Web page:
Team: Clinical Education Team

What did we want to achieve?

The team wanted to successfully apply to become a nationally certified training provider with the British Institute of Learning Disabilities (BILDACT) and to develop a brand-new staff education training programme called Proactive Approach Training (PAT) in line with the Restraint Reduction Network training standards. The PAT programme will reflect CWP’s 6Cs values, including using a positive behavioural support (PBS) framework, Human Rights Act, trauma informed care, person centred thinking, and therapeutic physical restraint skills. 

The aim of the new four-day training programme is to reduce incidents of restrictive practices, including physical restraint, intra-muscular medication and seclusion, and to strengthen relationships between patients and staff through coproduced learning.

What we did

  • CWP’s Clinical Education Team worked closely with mental health partners across the CWP footprint to develop a physical skills restraint programme. 
  • Engaged collaboratively with people with lived experience to appraise the training each step of the way and to co-deliver the programme to CWP staff. 
  • Worked alongside ward staff and managers to support them to understand the new PAT programme and techniques. 
  • A new Restraint Reduction Policy was developed based on the values of the PAT programme.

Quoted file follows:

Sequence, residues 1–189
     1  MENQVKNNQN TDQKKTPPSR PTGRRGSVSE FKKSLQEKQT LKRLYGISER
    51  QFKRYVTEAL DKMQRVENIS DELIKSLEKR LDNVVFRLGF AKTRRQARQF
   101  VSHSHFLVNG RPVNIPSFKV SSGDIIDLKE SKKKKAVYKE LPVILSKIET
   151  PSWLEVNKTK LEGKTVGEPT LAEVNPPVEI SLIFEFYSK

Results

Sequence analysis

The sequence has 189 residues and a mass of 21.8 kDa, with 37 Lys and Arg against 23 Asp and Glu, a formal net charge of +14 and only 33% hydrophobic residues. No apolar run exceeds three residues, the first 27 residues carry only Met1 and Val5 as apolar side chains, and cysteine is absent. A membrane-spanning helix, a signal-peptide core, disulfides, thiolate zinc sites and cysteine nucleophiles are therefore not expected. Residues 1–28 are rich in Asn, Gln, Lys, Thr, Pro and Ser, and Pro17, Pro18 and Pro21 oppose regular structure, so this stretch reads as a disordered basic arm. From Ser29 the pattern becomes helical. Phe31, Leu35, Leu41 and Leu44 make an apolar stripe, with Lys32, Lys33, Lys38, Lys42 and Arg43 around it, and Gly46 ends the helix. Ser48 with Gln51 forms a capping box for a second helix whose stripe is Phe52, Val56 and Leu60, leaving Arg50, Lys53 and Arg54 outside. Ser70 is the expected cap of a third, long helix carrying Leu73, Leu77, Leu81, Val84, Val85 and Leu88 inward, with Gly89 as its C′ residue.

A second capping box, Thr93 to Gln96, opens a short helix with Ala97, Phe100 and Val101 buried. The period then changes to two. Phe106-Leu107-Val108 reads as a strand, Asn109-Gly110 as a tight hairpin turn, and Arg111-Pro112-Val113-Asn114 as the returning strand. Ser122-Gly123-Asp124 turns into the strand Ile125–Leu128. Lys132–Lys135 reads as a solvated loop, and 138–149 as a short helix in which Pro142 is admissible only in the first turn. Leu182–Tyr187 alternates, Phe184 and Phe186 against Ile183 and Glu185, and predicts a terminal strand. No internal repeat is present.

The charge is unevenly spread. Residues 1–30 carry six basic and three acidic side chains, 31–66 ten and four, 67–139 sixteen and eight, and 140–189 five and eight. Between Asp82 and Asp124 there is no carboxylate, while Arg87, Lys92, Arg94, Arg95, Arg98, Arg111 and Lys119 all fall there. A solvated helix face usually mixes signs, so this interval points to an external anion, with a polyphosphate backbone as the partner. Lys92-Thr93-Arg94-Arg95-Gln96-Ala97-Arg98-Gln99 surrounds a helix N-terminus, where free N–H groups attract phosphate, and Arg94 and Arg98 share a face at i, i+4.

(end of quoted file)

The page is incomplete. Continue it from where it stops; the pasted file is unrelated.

• Patient and carer involvement was used to develop restraint information leaflets.
  • Post-incident support frameworks were developed for patients and staff. 


  • CWP became one of the first mental health trusts in the North West to gain national certification.
  • Increased focus on patient and carer engagement and involvement.
  • Promotion of lived experience role within staff education has helped embed staff learning.
  • Creating a paid role for people with lived experience to co-deliver the PAT training has provided an opportunity to step into employment.
  • All staff who completed a course evaluation form welcomed the new programme, especially the emphasis on non-physical skills and the contributions of people with lived experience.
  • Patient safety incidents and prone restraint incidents have significantly reduced.
  • Post incident support framework has been established.

Next steps

The Proactive Approach Training is intended to be responsive to organisational need, patient-centred, evidence-based and relevant to everyone within CWP. The plan going forward is to:

  • Annually evaluate the programme using incident data, patient and staff testimonies and in line with national and local guidance.
  • Increase the involvement of people with lived experience in the PAT programme, eg video testimonies and course delivery.

Team: Provider collaboratives – EmpowerED and Level Up 

What did we want to achieve?